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I've done this ride the last two years and plan on being there this year. It's one of my two favorite rides (the other being river road).

First thing to keep in mind, the 50 mile route is actually 46, so the mileage isn't as bad as it might sound. Second, as mentioned previously the shoulder on 71 is very wide and given the number of riders on the road, drivers are very conscientious about not passing too close.

Again, as mentioned before the hills aren't very long but can be very steep. It's not a big deal, as you'll see many people walking their bikes up them. Some of the nasty ones you'll likely see more people walking up them than riding up them. The overall elevation gain isn't ridiculous, only 1500 feet or so, but it's pretty much all in the first 20 miles. After that it's basically flat as a pancake and the roads spread out significantly.

One of the big negatives I've always had with this ride is the placement of the hills. They're so early on, this prevents riders from naturally spacing themselves out. The roads are quite crowded in the state parks and you can expect to see people do some dumb things. Common sense would dictate that faster riders would stay left and slower riders to the right, this doesn't hold true. There will be people hopping off their bikes all over the road, you'll need some skill to pick your way through them. Also riders often are in too tall a gear and stall out right in front of you, my first year I even saw a guy lose so much momentum he fell over to the side on one particularly nasty hill. Every year I hear talk that the route will change next year to include more distance before the hills, but it doesn't seem to happen.

I would say being comfortable on crowded roads and squirrely riders would be your and your nice's limiting factor. There's plenty of time for you to train for the length and grade of the hills, just be sure you both are comfortable around other riders. Go on some group rides and get used to being close to other riders and you'll be just fine. It's an awesome ride and don't let anything I've said scare you off. They payoff for completing the ride is very high. The scenery and the pine trees are beautiful. If you can tackle the hills in Bastrop you can pretty much survive anywhere.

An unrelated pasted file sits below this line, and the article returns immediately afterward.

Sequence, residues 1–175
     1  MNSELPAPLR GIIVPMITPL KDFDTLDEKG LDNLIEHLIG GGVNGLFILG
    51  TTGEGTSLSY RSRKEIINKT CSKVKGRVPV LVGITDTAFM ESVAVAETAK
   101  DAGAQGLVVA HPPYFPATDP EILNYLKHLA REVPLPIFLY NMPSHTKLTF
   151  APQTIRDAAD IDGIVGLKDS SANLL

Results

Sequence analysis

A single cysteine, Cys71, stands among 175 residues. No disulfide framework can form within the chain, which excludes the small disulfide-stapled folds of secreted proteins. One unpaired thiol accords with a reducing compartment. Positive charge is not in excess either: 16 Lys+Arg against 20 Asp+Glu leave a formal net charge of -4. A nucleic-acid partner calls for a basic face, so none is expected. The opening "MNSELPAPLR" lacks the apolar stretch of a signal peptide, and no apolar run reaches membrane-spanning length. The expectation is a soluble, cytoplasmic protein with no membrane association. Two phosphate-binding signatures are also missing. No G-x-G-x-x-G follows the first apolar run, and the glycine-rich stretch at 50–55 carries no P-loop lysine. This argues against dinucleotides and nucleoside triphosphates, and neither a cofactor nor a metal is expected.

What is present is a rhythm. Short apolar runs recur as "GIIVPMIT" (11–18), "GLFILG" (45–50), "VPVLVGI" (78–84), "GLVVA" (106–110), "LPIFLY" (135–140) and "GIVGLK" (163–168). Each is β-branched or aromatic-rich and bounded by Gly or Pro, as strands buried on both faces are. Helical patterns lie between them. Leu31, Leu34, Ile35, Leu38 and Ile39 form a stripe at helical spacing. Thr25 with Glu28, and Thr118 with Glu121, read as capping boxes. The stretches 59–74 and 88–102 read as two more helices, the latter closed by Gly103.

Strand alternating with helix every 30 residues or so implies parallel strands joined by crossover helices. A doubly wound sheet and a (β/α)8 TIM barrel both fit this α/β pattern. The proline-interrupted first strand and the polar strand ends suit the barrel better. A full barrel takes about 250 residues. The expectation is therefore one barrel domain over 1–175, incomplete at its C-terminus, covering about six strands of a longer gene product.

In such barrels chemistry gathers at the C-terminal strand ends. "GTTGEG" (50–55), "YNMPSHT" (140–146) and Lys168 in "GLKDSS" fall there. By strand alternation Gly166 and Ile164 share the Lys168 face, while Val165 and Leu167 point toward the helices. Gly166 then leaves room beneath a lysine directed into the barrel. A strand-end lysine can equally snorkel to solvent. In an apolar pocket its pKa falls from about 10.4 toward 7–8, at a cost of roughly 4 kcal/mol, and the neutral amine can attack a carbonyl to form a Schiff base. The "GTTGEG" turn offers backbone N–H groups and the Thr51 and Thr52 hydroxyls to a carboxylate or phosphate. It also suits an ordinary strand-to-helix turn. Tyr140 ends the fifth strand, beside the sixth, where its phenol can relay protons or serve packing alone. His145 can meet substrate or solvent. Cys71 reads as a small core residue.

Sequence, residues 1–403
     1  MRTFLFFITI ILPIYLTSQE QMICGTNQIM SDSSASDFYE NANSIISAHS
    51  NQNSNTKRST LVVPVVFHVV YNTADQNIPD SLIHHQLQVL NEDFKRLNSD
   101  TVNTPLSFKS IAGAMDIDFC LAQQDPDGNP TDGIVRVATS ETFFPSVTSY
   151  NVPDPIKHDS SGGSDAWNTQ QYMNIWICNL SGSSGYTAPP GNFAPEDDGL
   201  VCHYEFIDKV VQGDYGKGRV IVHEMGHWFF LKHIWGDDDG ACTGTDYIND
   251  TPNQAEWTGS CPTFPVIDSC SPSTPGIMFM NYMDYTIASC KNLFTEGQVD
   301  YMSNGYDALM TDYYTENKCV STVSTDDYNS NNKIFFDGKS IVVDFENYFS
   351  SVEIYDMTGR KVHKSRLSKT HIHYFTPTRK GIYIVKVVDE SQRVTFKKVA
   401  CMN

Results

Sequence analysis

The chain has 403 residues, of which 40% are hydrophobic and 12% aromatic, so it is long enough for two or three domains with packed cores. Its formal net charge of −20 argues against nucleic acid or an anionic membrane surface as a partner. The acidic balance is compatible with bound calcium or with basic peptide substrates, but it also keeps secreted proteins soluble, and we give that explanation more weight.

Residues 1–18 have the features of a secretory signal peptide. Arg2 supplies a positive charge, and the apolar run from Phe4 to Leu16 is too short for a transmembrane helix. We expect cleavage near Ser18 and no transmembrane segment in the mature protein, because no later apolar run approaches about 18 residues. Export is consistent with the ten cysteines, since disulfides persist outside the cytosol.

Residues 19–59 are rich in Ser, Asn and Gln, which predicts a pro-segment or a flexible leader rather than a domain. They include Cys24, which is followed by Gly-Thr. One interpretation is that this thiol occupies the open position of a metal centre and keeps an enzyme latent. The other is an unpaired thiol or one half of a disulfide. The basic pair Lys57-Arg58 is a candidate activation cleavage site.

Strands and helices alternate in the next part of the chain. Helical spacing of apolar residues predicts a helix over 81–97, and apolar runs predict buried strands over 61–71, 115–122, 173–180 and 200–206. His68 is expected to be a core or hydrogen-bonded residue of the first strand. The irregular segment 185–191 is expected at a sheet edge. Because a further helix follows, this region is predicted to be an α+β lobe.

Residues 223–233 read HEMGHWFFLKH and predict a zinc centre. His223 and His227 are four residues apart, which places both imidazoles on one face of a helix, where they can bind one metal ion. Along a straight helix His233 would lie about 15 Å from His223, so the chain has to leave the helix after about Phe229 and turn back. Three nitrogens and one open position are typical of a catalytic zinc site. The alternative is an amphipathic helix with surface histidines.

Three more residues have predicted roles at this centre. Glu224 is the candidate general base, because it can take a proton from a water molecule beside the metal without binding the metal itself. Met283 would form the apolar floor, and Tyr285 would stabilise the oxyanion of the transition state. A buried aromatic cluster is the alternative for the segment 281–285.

Good luck and let me know if you need any other information.
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Old 02-05-11, 08:37 PM
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What types of grades are the steepest? Are they something that a 30-25 gearing would be good for? We both have that same setup - though hers gives lower gear inches because she has 650c wheels.

We already have an agreement that we do the hills at our own individual pace and wait for each other at the top. I can't always wait for her, because if I try to match her speed in the lowest gear that puts me around 60 cadence which is too much stress on my knee. I only say she struggles on the hills because her hill/flat speed ratio seems much lower than mine. When we ride together I always let her dictate the pace and I normally do all the pulling into headwinds to equalize things as much as possible.

I did notice that they are trying to get people to start in groups by speed, fastest first, so perhaps that will ease the congestion in the park.

Thanks all for the feedback!
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Old 02-06-11, 05:19 PM